Orthodox Prison Ministry

The Assembly of Canonical Orthodox Bishops of the United States of America has designated the Sixth Sunday of Pascha, Sunday, 17 May 2015, to be Orthodox Christian Prison Ministry (OCPM) Awareness Sunday in all parishes.   St. John Chrysostom  (d. 407AD) in a sermon offered these comments about doing prison ministry:

“Let us not, then, neglect to practice deeds of this kind and to live such a way of life.  Even if we should be unable to bring in food or to help by giving money, we still can cheer the prisoners by our words and hearten the soul that is discouraged, and assist in many other ways: for example, by conversing with the jailers, and making the guards more kind.  In fine, we shall accomplish some Good, whether little or great.

Moreover, if you say that there are not estimable, or upright, or well-mannered men in prison, but rather, murderers, and grave-robbers, and purse snatchers, and adulterers, and libertines, and men weighted down with many crimes, even by this observation  you are showing me the necessity for your visiting there.  For we have not been bidden to show mercy to the good, and to punish the wicked, but to show this kindliness to all.  Indeed, Scripture says, ‘Be as your Father in heaven who makes his sun to rise on the good and the evil, and sends rain on the just and the unjust.’ (Matt 5:45)

Well, then, do not bitterly denounce others, or be too severe a judge, but be gentle and kind.  We ought to be so for, even if we have not become adulterers, or grave-robbers, or purse-snatchers, we ourselves are guilty of innumerable other offenses that are deserving of punishment.  Perhaps we have often called our brother a fool, and this merits hell-fire for us (Matt 5:22).  Or we have looked upon women with unchaste glances, and this amounts to the committing of adultery (Matt 5:28).   Or, most serious of all, we have partaken unworthily of the Mysteries, and this makes us guilty of the Body and Blood of Christ (1 Cor 11:27).  Let us not then, be harsh judges of the rest, but let us reflect on our own guilt and thus we shall stop showing this merciless and cruel attitude.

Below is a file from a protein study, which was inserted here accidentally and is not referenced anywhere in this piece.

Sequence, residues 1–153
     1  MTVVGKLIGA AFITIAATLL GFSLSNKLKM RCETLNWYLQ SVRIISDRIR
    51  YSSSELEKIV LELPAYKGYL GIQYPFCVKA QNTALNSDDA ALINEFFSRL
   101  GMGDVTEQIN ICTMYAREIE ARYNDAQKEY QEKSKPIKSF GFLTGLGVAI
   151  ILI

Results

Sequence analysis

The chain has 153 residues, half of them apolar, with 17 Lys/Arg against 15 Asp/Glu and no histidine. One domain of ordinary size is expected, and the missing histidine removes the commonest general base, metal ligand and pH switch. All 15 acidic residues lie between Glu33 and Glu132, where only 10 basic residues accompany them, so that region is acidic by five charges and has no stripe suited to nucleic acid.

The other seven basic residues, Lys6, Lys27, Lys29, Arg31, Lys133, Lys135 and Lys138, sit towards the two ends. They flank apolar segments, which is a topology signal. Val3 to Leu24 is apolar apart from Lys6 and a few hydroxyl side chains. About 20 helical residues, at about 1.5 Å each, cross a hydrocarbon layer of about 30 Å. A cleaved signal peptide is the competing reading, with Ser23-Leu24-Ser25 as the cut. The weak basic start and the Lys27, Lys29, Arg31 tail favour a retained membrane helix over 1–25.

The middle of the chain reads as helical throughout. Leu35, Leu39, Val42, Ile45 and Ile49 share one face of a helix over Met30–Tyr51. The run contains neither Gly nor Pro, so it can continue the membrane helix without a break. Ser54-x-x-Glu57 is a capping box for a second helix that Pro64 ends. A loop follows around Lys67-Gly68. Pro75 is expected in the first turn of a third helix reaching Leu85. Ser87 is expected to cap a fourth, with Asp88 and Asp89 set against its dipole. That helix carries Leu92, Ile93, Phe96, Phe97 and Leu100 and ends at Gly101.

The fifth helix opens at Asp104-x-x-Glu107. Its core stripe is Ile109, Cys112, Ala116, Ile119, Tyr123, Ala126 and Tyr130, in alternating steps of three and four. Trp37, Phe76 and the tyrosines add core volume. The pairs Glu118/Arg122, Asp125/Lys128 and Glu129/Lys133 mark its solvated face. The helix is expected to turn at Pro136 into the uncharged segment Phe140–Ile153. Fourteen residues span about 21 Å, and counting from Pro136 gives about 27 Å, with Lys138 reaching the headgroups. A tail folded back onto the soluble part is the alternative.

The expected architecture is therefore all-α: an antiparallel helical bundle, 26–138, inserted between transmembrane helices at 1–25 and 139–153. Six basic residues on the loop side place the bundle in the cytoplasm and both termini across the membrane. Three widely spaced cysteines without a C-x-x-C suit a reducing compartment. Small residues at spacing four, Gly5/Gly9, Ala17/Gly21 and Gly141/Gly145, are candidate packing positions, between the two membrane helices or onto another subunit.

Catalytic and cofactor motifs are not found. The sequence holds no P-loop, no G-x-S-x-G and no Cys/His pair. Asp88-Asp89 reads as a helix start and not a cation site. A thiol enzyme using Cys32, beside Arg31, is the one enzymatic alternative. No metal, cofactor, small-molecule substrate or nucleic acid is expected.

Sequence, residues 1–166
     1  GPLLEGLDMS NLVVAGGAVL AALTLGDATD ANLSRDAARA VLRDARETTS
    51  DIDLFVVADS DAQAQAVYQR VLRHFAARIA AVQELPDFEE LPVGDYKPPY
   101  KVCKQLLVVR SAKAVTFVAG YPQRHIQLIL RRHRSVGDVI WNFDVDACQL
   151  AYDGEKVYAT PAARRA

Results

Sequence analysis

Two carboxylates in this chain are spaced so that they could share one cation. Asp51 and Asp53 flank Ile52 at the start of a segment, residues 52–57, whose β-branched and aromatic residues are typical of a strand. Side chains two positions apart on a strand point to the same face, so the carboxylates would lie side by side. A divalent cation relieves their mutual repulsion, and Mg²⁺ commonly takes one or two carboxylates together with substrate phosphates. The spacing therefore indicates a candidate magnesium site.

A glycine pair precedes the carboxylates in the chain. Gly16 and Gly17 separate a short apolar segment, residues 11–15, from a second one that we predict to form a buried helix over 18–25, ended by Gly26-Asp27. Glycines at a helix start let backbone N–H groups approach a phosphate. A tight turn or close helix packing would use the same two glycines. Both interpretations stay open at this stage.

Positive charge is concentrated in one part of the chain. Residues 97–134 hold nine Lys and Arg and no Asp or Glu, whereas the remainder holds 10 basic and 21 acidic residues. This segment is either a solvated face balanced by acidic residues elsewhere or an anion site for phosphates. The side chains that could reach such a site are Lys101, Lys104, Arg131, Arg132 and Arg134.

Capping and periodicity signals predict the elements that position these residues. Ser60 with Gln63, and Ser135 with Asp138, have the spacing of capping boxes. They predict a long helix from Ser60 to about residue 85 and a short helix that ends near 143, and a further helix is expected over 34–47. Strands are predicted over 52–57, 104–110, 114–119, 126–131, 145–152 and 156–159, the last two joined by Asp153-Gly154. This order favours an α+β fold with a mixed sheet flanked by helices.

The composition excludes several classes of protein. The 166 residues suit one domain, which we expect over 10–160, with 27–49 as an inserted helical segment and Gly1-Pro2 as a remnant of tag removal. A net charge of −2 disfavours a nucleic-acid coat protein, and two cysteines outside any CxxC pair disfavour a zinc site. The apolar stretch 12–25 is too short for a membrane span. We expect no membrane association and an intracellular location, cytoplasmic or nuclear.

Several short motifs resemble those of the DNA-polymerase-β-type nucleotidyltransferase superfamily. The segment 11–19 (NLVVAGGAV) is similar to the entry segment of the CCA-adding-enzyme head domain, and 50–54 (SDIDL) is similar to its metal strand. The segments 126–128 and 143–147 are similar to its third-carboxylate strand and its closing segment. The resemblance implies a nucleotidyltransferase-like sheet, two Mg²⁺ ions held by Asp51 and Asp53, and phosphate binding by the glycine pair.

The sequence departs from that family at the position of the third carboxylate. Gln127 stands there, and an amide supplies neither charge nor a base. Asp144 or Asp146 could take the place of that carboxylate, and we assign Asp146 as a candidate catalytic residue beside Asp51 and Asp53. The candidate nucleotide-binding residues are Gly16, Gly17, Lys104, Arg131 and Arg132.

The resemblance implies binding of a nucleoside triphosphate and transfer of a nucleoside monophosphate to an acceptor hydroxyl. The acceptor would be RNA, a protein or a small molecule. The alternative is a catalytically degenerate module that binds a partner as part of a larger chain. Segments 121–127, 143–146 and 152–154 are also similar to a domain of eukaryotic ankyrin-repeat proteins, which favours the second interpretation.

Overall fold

Apart from this, we can also assert that even there we shall find many estimable men, who frequently are as good as anyone in the whole city.   Even that prison where Joseph was contained many criminals (Gen 39-41); nevertheless, that just man cared for the rest.  I say this for he was as good as anyone in the whole of Egypt; nevertheless, he lived in the prison, and no one of those in it knew him.  …

Besides, your Master also did not speak only to the just and flee from the impure.  On the contrary, He received even the Canaanite woman with much kindness, and also the Samaritan woman who was under a cloud, and impure besides (Mark 7:24-30; John 4:1-26).  Further, He received and restored to spiritual health another harlot, because of whom the Jews even reproached Him, and He allowed His feet to be washed by the tears of the impure woman, to teach us to show kindly attitude to those who are in sin (Luke 7:36-50).  Indeed, this is the essence of mercy.  …

Is there a murderer living in the prison?  Let us not, despite this, be faint-hearted in doing him good.  Is there a grave-robber or an adulterer?  Still, let  us take pity, not on their evil-doing, but on their misfortune.  And frequently, as I have said, one even will be found there who is superior to any number of men.  Moreover, if you continually visit those in prison you will not fail to come upon such a treasure.  Just as Abraham, in giving hospitality to any who chanced to come, once happened upon angels, so we also will at least happen upon great men if we do this good work.”  

(HOMILIES ON ST. JOHN 48-88, pp 146-149)